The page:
1. Krohn Lake, Lincoln, Montana, USA
Krohn Lake, which was described on the return trip of the Lewis & Clark Expedition July 7, 1806, is a 35 acres privately owned lake. It was named by a previous owner John Krohn, If anyone has any information on John, please let me know. The lake is located north of Highway 200 off of Copper Creek and Landers Fork.
My thanks to Janet for the photo and the information on the lake.
2. Krohn, Germany
Krohn, Germany is a hamlet or small village, a few kilometres north-east of Eldena, Germany. If you are interested, look for it in Google Earth.
My thanks to Jason for pointing this out and to Hans Peter for allowing me to use the photo on the left.
3. Krohnstieg, Hamburg, Germany
I recently visited Hamburg in Northern Germany and was surprised to find a street named "Krohnstieg" in North Hamburg, close to the airport. I presume "Krohnstieg" translates to Krohn's Hill or Krohn's Rise.
My city map of Hamburg also lists "Krohnsheide" and "Krohnskamp". Unfortunately I was not able to visit either of these streets.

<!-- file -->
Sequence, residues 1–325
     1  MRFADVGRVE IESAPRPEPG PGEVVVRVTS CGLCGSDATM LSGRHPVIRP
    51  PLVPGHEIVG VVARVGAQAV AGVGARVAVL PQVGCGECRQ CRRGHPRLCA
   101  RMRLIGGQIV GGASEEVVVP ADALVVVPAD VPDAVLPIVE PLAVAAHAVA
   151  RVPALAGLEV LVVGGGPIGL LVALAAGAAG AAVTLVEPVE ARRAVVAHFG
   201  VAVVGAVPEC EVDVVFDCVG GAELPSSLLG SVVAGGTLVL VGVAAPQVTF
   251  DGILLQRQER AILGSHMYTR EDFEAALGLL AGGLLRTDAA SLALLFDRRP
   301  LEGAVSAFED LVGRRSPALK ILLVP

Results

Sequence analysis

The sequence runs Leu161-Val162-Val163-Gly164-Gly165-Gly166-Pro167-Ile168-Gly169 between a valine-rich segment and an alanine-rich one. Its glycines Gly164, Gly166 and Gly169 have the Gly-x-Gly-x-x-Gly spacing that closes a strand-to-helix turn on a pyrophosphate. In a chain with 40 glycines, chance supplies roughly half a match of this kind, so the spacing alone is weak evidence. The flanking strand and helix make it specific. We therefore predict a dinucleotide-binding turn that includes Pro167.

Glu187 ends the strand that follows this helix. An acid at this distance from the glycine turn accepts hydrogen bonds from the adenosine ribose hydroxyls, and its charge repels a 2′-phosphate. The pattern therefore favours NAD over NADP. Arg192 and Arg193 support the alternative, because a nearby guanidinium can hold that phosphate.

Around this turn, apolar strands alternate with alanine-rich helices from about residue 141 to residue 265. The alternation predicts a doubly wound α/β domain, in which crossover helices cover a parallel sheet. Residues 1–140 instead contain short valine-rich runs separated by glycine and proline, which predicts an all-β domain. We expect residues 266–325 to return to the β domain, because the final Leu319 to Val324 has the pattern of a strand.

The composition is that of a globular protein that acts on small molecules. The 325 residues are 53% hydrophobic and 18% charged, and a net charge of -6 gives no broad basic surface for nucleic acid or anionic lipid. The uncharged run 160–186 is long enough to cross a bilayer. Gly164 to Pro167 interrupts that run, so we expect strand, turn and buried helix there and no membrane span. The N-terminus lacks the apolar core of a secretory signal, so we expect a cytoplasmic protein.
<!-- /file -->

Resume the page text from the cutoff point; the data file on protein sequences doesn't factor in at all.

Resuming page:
4. Krohn Conservatory, Cincinnati, Ohio, USA
The Krohn Conservatory is in Eden Park in Cincinnati. In the 1930s, Eden Park Board decided to replace the existing greenhouses in the park with a Plant Conservatory built in the Art Deco style out of aluminium and glass. Eden Park Conservatory was opened to the general public in 1933. The name of the conservatory was changed in 1937 to the Krohn Conservatory to honour Irwin Krohn for his 25 years of service on the Board of Park Commissioners. Today, the conservatory houses over 1,000 different species of plants permanently displayed in different areas, such as the Orchid or the Desert or Tropical house. Horticulturists lead education programs and gardeners put on five annual flower shows. There is also an annual spring butterfly show.
Click this link for more information on the Krohn Conservatory
5. Krohn Cemetery, Mississippi, USA
There are a number of small cemeteries often on private land throughout the US. The one featured here is perhaps the biggest one and is located in Harrison County about 1.6 miles southwest of Latimer Community and 6.5 miles northwest of Ocean Springs in Mississippi.
The cemetery was created with the burial of Charles F Krohn in 1876 and a number of his descendants are also buried there along with some non-Krohns. The cemetery is on public land and is administered by the Harrison County Board of Supervisors.
Many thanks to Ann Nash for allowing me to use her photograph.